Last Minute Trips: F1 Live London


On Wednesday, London hosted the first ever Formula One Live event, a last minute organisation to promote the British Grand Prix. Trafalgar Square and Whitehall were closed off to the usual London traffic, to make way for a parade of famous cars and famous faces. Beginning at 6pm, entry was absolutely free, to those who knew about it of course. I work until at least 3pm every day, and Dan starts work at 10pm, so post (or pre) work adventures tend not to happen, but this one was far too good to miss. With Grand Prix tickets so expensive, was I realistically going to have another opportunity to be this close to such notable figures and recognisable motors?

An hour on the train from our home in Essex and we reached Westminster by about 20 past 5. It was plenty of time before the event started, but Whitehall was already rammed with excited Formula One fans, wearing Ferarri caps, Red Bull polo shirts and Mercedes t-shirts. Lots of parents had brought their children, balancing them on shoulders in the hope of seeing the action. Men balanced precariously on railings and buildings, more than 10 feet above the pavement. Dan and I ended up standing opposite the Field Marshal statue, beside the Horse Guards Parade, which was almost the best spot to see the cars exit their makeshift pits in Whitehall Place, unbeknown to us. We were there only a few minutes before something exciting happened.

On the other side of the road, a driver emerged. Romain Grosjean, of Haas, marched along the road away from Trafalgar Square, followed by a few other drivers I vaguely recognised. The men behind us got extremely excited to see Fernado Alonso, and I felt quite proud of myself to recognise Valtteri Bottas in his grey and teal jumpsuit. The crowds on the other side of the road were surprisingly quiet as they passed: I was expecting cheers and calls, and I thought perhaps we had missed something. It was only on their return, when the drivers started to sign a few autographs and Daniel Riciarrdo (the real reason I went) started taking selfies with people’s phones, that they started to liven up.

It wasn’t the drivers the people had flocked to see.

After an eternity of waiting in anticipation, with everyone’s head snapping to Whitehall Place at the revving of an engine, we got some movement. Spectators whooped as the safety car, complete with flashing yellow lights, zipped out of the garage and made a lap of the track. It sped past so quickly I could hardly see it, and I thought there’s a one hundred percent chance the cars are going to go faster than that.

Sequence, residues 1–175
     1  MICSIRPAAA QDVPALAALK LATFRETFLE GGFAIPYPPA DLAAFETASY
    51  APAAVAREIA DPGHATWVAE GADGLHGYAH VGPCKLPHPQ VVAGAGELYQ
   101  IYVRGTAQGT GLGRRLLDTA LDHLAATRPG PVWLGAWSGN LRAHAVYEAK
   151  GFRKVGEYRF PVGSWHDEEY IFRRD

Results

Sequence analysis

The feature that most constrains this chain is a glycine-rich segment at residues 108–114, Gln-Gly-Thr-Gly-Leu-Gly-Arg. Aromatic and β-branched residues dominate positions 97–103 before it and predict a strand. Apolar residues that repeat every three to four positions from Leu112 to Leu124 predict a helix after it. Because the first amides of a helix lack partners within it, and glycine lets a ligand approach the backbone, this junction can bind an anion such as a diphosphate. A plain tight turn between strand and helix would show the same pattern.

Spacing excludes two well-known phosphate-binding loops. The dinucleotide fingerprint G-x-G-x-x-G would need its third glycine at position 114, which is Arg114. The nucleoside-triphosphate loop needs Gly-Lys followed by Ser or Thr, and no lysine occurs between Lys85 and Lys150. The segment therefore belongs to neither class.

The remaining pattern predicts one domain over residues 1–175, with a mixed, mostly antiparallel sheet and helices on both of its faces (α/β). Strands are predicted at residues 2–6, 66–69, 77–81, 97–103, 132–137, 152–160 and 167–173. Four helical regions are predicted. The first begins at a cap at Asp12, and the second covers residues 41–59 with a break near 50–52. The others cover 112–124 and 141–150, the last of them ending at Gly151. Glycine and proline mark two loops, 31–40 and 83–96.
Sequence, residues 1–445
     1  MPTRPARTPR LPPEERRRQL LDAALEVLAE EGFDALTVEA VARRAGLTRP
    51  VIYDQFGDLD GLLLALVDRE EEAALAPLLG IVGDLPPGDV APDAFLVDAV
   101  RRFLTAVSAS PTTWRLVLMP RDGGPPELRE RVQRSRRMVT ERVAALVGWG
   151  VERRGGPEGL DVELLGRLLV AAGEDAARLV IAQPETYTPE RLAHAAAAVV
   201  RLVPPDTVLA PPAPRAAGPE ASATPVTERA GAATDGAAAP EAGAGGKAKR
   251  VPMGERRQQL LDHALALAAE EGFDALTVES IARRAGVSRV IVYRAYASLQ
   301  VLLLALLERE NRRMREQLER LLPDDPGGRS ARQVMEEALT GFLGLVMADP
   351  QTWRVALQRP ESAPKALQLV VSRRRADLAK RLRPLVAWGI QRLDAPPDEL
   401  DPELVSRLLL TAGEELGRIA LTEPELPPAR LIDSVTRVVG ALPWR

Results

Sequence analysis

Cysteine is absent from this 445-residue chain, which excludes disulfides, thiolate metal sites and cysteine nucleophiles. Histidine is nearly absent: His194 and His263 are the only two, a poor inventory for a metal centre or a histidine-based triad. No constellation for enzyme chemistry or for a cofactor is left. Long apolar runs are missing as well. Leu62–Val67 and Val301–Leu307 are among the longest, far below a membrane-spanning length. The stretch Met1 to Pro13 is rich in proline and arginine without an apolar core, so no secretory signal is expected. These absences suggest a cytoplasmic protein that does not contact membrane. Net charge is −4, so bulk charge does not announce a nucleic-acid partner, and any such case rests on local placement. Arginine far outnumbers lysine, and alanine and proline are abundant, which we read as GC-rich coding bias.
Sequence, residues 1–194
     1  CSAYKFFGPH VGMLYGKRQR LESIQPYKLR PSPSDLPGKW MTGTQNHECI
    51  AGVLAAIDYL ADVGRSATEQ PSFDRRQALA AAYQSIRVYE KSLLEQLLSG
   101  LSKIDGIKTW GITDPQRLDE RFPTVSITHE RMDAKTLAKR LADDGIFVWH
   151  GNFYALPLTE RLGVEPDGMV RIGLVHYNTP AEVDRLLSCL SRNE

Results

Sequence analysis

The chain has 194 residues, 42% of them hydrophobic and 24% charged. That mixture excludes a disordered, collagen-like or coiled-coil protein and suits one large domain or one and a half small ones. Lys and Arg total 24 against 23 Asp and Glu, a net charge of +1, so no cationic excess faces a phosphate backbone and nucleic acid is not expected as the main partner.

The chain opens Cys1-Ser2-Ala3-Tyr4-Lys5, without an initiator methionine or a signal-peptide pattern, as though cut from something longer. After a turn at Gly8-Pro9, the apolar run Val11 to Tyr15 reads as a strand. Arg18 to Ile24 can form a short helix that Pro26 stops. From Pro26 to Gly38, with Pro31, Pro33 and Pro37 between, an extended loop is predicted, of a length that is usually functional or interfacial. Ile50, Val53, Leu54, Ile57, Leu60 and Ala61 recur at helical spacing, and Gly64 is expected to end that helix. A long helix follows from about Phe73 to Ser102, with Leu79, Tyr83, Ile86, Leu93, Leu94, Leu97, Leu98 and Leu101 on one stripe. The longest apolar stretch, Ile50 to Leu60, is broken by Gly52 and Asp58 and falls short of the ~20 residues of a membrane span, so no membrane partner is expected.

Out came the Renault, the McClaren, the Torro Rosso, the old style Ferrari. Almost every single person’s phone lifted to catch them go past. The roars of engines pounding and rubber scraping tarmac were deafening, so far from the white noise drone that sends me to sleep for a couple of hours on a Saturday afternoon. Heat radiated onto us as they tore past and I was thankful we were standing in the shade. I was fascinated and impressed at the same time, and a sense of sheer luck lingered throughout my mind the whole time.

Yet nothing could prepare us for the sublime form of the Ferrari, Red Bull Racing, and Mercedes cars or the incredible skill of their drivers. I can’t fathom how people can do a doughnut in a normal car, let alone an F1 car. Bottas picked the spot right in front of us to show off, sending a thick fog of smoke to coat us. Burning rubber smells potent and it set a number of us off coughing and howling simultaneously. I am pretty sure Vettel waved at me.




An event like this can’t go without its hiccups. Jensen Button, driving a F1 Experience car, managed to stall it on a bend, causing the rescue team to run on, supported by a soundtrack of cheers and applause. They all took it in good spirits.


Although the parade was thrilling, it wasn’t the only aspect of the event. As the drivers exited their cars and returned to the pits, Dan and I marched up towards Trafalgar Square and ended up joining a phantom queue, with no clear direction. It was then that I noticed the unmistakable notes of Little Mix performing on a stage beside Nelson’s column and realised that it wasn’t over.

Trafalgar Square had become a main stage, and the platform outside the National Gallery became the display shelf for all the cars of the Formula One teams. I don’t think I have seen colours so bold, curves so sleek and cars so expensive. The glimmers of excitement started to spring onto Dan’s face as the camera came out and he clicked away. We had a front row spot to admire the machines for only a handful of people seemed to have been let in, but in the blink of an eye, we were swarmed by fans, so at near enough half 8, after watching an interview with Nico Rosberg on stage, we decided it was time to call it a night.




This is the second time Dan has spotted a last-minute event on Twitter. I loathe to say ‘watch social media’ but without it we would have missed a concert a couple of weeks ago and we would have missed such a extraordinary opportunity. Sometimes you can’t plan for cool things, so when you get the chance, take it, otherwise you’ll never know just what you are missing.


All photos property of D. Clark.

Categories: UK Tripper

Leave a Reply

Fill in your details below or click an icon to log in: Logo

You are commenting using your account. Log Out /  Change )

Google+ photo

You are commenting using your Google+ account. Log Out /  Change )

Twitter picture

You are commenting using your Twitter account. Log Out /  Change )

Facebook photo

You are commenting using your Facebook account. Log Out /  Change )

Connecting to %s